Fractures and Dislocations about the Elbow in the Pediatric Patient

Fractures and Dislocations about the Elbow in the Pediatric Patient PowerPoint PPT Presentation


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Elbow Fractures in Children. Very common injuries (approximately 65% of pediatric trauma)Radiographic assessment - difficult for non-orthopaedists, because of the complexity and variability of the physeal anatomy and developmentA thorough physical examination is essential, because neurovascular in

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Fractures and Dislocations about the Elbow in the Pediatric Patient

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1. Fractures and Dislocations about the Elbow in the Pediatric Patient Joshua Klatt, MD Original Author: Kevin Shea, MD; March 2004 Revised: Steven Frick, MD; August 2006 Joshua Klatt, MD; Albert Pendleton, MD ; November 2011

2. Elbow Fractures in Children Very common injuries (approximately 65% of pediatric trauma) Radiographic assessment - difficult for non-orthopaedists, because of the complexity and variability of the physeal anatomy and development A thorough physical examination is essential, because neurovascular injuries can occur before and after reduction Compartment syndromes are rare with elbow trauma, but can occur

3. Elbow Fractures Physical Examination Children will usually not move the elbow if a fracture is present, although this may not be the case for non-displaced fractures Swelling about the elbow is a constant feature, except for non-displaced fracture Complete vascular exam is necessary, especially in supracondylar fractures Doppler may be helpful to document vascular status Neurologic exam is essential, as nerve injuries are common In most cases, full recovery can be expected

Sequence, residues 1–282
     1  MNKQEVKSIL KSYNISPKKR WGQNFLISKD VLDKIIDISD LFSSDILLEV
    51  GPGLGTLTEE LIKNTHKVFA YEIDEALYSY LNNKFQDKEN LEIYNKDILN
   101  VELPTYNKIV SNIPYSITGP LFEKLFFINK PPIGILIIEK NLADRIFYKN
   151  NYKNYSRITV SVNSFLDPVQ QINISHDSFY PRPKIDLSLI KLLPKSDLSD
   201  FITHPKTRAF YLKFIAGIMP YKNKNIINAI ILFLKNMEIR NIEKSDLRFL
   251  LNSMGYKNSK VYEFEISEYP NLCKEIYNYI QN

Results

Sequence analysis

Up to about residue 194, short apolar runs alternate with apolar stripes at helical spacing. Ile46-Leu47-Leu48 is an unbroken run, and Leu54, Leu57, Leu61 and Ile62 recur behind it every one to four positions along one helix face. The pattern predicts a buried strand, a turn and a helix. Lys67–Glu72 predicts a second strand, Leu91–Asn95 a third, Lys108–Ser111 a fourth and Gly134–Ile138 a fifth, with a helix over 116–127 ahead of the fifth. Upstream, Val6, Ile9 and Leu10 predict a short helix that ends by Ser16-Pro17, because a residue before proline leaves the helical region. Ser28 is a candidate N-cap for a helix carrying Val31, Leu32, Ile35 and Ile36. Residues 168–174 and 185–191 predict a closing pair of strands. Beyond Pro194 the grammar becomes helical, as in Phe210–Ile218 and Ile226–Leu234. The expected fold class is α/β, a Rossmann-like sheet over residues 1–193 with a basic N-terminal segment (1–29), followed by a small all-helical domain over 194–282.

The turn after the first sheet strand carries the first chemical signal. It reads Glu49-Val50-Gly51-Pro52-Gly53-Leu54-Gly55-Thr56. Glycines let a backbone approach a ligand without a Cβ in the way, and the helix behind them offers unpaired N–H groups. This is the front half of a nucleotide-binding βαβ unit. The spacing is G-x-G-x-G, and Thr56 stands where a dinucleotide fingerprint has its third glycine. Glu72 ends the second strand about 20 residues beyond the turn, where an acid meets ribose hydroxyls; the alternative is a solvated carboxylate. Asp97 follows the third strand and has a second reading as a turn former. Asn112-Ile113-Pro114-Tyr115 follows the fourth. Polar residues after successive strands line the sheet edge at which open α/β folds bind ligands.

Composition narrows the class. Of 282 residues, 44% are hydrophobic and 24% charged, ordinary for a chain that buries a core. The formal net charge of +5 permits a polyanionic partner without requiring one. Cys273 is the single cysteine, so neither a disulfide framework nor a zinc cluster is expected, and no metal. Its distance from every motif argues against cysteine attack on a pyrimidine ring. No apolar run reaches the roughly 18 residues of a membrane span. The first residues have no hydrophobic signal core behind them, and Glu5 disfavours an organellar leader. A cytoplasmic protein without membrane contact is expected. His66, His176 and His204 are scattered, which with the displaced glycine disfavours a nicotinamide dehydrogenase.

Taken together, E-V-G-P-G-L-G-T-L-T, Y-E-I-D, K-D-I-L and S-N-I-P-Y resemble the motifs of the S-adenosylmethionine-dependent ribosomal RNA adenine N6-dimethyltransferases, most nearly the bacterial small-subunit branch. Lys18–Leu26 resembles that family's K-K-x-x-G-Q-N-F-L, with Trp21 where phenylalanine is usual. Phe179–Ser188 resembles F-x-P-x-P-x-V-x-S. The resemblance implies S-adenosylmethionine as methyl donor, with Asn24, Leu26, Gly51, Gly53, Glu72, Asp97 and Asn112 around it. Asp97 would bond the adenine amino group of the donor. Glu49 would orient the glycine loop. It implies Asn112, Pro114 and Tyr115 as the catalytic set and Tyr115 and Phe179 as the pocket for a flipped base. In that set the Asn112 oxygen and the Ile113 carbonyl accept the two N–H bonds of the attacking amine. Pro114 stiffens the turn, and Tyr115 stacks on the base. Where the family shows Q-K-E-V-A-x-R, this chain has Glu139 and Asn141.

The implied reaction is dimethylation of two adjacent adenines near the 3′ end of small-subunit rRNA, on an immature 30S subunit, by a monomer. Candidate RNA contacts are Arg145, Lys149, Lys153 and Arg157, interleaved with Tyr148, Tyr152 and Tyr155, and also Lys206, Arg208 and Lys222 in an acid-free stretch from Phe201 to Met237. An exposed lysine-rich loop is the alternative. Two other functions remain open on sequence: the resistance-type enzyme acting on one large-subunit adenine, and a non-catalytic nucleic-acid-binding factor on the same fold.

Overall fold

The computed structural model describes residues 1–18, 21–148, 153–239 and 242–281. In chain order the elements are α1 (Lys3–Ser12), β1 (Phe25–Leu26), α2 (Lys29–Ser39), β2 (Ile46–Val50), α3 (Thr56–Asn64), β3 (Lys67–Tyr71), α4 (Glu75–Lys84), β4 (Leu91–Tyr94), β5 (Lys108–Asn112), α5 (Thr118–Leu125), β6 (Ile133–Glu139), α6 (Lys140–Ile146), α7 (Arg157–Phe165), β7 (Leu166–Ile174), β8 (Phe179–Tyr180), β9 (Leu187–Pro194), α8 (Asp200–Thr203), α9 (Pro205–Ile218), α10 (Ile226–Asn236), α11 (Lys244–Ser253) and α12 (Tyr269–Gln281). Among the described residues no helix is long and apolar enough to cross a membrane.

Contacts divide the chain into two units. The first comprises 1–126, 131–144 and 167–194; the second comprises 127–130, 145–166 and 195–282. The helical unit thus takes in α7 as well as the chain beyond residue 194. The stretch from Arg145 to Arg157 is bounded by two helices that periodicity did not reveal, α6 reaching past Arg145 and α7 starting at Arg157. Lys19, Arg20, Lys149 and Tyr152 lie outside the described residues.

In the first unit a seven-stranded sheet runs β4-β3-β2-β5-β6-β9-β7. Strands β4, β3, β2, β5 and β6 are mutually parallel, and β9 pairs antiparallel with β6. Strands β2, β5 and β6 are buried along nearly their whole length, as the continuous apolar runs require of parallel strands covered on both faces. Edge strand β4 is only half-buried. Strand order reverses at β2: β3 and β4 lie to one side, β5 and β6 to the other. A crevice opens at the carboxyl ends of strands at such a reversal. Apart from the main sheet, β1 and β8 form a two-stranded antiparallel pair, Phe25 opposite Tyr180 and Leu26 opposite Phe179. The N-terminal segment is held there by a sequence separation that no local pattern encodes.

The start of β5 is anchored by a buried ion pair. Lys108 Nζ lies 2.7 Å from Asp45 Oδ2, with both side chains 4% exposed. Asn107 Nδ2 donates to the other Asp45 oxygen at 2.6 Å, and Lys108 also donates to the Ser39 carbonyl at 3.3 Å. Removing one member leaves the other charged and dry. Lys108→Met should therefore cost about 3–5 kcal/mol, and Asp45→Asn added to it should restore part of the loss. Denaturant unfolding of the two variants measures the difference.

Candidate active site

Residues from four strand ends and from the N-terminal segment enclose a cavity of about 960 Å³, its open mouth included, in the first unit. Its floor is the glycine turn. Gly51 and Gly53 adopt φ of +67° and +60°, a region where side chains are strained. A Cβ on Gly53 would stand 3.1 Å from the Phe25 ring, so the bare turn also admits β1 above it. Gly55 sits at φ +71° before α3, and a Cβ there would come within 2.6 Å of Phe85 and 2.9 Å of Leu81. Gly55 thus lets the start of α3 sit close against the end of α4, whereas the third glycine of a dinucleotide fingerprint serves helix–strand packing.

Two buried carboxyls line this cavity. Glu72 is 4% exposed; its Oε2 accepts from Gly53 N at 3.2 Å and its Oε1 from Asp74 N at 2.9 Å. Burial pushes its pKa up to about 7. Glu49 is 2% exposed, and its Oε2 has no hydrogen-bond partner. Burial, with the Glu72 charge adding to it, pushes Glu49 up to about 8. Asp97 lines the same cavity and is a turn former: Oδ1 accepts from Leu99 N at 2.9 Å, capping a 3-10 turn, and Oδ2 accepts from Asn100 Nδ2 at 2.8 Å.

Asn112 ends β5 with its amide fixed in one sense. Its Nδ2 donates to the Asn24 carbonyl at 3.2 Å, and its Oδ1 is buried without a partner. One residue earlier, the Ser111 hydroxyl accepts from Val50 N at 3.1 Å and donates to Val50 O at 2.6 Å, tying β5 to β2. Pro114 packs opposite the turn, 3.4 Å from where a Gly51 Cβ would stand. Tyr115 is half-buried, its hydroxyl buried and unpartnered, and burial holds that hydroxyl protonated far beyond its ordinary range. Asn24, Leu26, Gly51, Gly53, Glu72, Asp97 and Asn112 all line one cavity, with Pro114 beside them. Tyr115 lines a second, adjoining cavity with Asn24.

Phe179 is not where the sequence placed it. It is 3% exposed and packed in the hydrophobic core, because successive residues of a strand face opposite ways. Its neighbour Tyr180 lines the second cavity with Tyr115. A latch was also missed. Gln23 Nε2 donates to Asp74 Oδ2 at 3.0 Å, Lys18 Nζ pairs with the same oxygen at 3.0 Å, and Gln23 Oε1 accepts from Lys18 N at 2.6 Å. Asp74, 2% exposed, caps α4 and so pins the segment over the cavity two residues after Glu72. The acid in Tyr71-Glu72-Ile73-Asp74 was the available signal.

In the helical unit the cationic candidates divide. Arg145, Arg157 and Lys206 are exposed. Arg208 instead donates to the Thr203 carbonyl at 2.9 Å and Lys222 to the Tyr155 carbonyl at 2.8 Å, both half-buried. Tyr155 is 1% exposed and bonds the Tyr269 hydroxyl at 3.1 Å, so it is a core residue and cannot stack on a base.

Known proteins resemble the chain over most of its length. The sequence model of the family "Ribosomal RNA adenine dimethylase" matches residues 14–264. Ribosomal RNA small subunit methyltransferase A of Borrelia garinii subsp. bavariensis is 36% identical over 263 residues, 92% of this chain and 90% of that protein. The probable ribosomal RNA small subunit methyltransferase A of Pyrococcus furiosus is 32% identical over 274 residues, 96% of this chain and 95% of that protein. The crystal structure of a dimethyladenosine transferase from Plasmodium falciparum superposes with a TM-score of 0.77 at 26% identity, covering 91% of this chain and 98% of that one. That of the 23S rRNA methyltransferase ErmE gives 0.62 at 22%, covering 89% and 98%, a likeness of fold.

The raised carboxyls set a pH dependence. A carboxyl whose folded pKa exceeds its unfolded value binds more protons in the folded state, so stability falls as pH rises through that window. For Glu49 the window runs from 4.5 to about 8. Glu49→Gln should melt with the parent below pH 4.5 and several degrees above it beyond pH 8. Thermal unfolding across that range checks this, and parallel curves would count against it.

4. Elbow Fractures Physical Examination Neurological exam may be limited by the child’s ability to cooperate because of age, pain, or fear. Thumb extension – EPL Radial – PIN branch Thumb flexion – FPL Median – AIN branch Cross fingers/scissors - Ad/Abductors Ulnar

5. Elbow Fractures Physical Examination Always palpate the arm and forearm for signs of compartment syndrome Thorough documentation of all findings is important A simple record of “neurovascular status is intact” is unacceptable (and doesn’t hold up in court…) Individual assessment and recording of motor, sensory, and vascular function is essential

6. Elbow Fractures Radiographs AP and Lateral views are important initial views In trauma these views may be less than ideal, because it can be difficult to position the injured extremity Oblique views may be necessary Especially for the evaluation of suspected lateral condyle fractures Comparison views frequently obtained by primary care or ER physicians Although these are rarely used by orthopaedists

7. Elbow Fractures Radiograph Anatomy/Landmarks Baumann’s angle is formed by a line perpendicular to the axis of the humerus, and a line that goes through the physis of the capitellum There is a wide range of normal for this value Can vary with rotation of the radiograph In this case, the medial impaction and varus position reduces Bauman’s angle

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